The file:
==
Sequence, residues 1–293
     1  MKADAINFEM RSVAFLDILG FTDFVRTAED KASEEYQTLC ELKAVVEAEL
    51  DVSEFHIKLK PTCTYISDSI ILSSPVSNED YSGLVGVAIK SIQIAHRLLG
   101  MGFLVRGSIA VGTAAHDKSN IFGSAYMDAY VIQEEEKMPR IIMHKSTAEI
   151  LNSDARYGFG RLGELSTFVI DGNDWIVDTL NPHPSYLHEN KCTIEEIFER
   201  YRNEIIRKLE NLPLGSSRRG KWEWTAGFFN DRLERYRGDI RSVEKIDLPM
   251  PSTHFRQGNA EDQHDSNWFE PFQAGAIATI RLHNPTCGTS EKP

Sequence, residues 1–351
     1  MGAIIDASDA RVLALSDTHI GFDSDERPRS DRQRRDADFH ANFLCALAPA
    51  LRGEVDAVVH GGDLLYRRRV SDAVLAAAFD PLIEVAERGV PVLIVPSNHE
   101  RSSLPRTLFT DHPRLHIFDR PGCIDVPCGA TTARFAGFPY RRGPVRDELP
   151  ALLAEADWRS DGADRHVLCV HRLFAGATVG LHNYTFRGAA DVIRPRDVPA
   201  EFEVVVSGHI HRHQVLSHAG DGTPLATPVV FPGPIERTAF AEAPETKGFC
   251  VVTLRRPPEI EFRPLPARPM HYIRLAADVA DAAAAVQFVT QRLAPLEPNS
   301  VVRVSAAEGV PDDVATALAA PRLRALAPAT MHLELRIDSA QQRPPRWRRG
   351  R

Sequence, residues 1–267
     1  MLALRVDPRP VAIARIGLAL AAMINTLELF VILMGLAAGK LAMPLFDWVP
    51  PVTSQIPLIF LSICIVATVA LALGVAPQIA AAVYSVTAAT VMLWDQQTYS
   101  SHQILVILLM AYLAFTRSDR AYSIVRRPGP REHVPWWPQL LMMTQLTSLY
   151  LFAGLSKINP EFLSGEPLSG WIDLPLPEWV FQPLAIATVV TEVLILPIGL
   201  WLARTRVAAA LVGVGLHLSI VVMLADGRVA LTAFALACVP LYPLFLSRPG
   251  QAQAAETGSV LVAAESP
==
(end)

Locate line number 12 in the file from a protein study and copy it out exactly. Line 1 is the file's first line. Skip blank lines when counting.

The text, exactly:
   151  ALLAEADWRS DGADRHVLCV HRLFAGATVG LHNYTFRGAA DVIRPRDVPA